“We weren’t able to have the beer experience we were craving, that we wanted,” Law says. “… There are bars here that you can have a really good time at and you can find some good beer. But our excitement for beer and understanding how much great beer there is, we just felt that with a little more attention to that experience we could create something that’s really fun for locals and visitors.”
A couple of other factors set HandleBar apart. As the name suggests, it’s a bar with the mountain biker in mind, with plenty of rack space outside, durable rubber flooring and functional seating lacquered to near indesructability – so you don’t need to worry about being clumsy with your ski boots, either. Communal seating and a welcome absence of TVs encourage interaction.
The food, as well, has been well thought out, with German-themed dishes that are often cleverly adapted – think currywurst with an almost chutney-like sauce, a “schicken schnitzel schandwich” and pretzels with Nutella – and pair magnificently with the beer.
Also showing its pairing chops is Hunter Gather, in the Village, which emphasizes its local fresh beer as much as it emphasizes its local, fresh ingredients and smoking and roasting skills. (First bites of the smoked lamb shoulder sandwich have almost certainly caused swoons.) A mainstay on its tap list – and a growing number of tap lists across town – is Coast Mountain Brewing, Whistler’s first new brewery since WBC returned to the community.
Coast Mountain, which opened in late 2016, is the realization of an eight-year-long dream for owner Kevin Winter. The long-term Whistler resident left town to learn the brewing trade at Chicago’s Siebel Institute, then returned to B.C. to hone his chops at Mission Springs Brewing Company in the Fraser Valley and set up the Hearthstone Brewery in North Vancouver.
His ultimate goal? A destination brewery in a destination resort.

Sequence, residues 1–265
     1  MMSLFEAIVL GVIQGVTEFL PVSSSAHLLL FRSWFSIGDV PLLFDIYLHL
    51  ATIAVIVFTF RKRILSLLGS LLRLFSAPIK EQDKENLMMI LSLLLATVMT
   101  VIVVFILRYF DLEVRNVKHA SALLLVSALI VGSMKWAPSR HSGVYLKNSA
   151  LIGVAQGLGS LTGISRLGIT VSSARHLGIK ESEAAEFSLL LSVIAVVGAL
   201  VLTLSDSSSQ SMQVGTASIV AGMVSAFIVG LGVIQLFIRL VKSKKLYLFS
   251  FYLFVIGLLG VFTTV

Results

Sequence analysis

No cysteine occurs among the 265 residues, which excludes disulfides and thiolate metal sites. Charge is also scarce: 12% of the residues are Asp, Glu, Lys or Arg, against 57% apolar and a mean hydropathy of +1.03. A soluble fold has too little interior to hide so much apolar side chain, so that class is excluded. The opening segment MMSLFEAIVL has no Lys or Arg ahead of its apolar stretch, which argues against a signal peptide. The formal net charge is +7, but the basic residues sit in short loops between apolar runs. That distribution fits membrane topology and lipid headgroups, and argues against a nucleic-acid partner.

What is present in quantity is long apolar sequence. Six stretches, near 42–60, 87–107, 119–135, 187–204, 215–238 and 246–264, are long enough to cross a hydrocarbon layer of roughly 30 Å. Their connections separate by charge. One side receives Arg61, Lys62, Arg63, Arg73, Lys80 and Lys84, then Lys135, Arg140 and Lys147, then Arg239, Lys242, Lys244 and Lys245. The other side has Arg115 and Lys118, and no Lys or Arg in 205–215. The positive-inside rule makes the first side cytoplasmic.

“We wanted to open what we call a boutique craft brewery, for Whistler only,” Winter says. “We don’t staff a sales rep. We flipped the industry on its head and suggested that you come to us to purchase the beer from us.”
Located just steps away from Whistler Brewing, where Winter once mopped the floors, Coast Mountain is one of the cosiest destination breweries in B.C., a homely wood-panelled room with a long bar and tables and a great line in conversation. Winter’s beer is excellent. The Forester Pale Ale, for one, pushes all the right buttons for full, rounded flavour and impeccable balance.
Winter is now moving Whistler’s beer scene forward with more diverse styles such as sours and farmhouse ales, which he admits were a hard sell at first.
“It took some good conversations with the restaurateurs up here to get the sours on tap – and then the summer hit and, boy oh boy, did they ever keep ordering,” Winter says with a smile.
Demand is now Coast Mountain’s biggest problem, with 30 accounts set up across town and six packs of lager regularly canned by the mobile West Coast Canning unit.
“Our growth will stay in Whistler. There’s a lot of room to grow,” Winter says, highlighting the number of drinking venues in town. “It’s a great community and we’ve seen a ton of support right across the sector to sell out of our product week after week. It’s everything we can do just to brew as fast as we can to hold on.”
Whistler has its particular challenges to setting up a beer-centric business. There’s the “Whistler tax” (as Winter calls it) of moving ingredients up the Sea-to-Sky Highway, and the cost to own and rent land here. But most problematic is keeping trained and dedicated staff season after season, and, moreover, those employees finding a place to live. Several Whistlerites interviewed acknowledged that the lack of housing is a huge and growing problem for the community.
Despite the challenges, Whistler is at last catching up with the rest of B.C.’s vibrant beer scene. In fact, there’s a Sea-to-Sky network of craft breweries forming, from Squamish to the south of Whistler, where three breweries now operate, and Pemberton in the north, where two are in the works.
It means that however you’re creating that adrenalin and endorphin rush – on the slopes, on the peaks, on the lake, or in the valley – there’ll always be a local après craft beer to top it off.